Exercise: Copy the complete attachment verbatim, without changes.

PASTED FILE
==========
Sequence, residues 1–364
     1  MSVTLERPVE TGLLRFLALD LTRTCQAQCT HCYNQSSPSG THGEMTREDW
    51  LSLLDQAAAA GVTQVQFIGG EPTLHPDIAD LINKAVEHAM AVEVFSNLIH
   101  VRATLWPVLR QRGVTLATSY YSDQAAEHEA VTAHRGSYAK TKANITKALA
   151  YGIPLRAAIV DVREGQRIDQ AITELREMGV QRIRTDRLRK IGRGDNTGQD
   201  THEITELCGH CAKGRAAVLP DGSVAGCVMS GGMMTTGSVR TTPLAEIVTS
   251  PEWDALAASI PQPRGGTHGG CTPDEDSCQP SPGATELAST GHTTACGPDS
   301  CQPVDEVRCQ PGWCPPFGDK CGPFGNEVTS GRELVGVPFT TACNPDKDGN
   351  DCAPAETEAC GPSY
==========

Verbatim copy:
Sequence, residues 1–364
     1  MSVTLERPVE TGLLRFLALD LTRTCQAQCT HCYNQSSPSG THGEMTREDW
    51  LSLLDQAAAA GVTQVQFIGG EPTLHPDIAD LINKAVEHAM AVEVFSNLIH
   101  VRATLWPVLR QRGVTLATSY YSDQAAEHEA VTAHRGSYAK TKANITKALA
   151  YGIPLRAAIV DVREGQRIDQ AITELREMGV QRIRTDRLRK IGRGDNTGQD
   201  THEITELCGH CAKGRAAVLP DGSVAGCVMS GGMMTTGSVR TTPLAEIVTS
   251  PEWDALAASI PQPRGGTHGG CTPDEDSCQP SPGATELAST GHTTACGPDS
   301  CQPVDEVRCQ PGWCPPFGDK CGPFGNEVTS GRELVGVPFT TACNPDKDGN
   351  DCAPAETEAC GPSY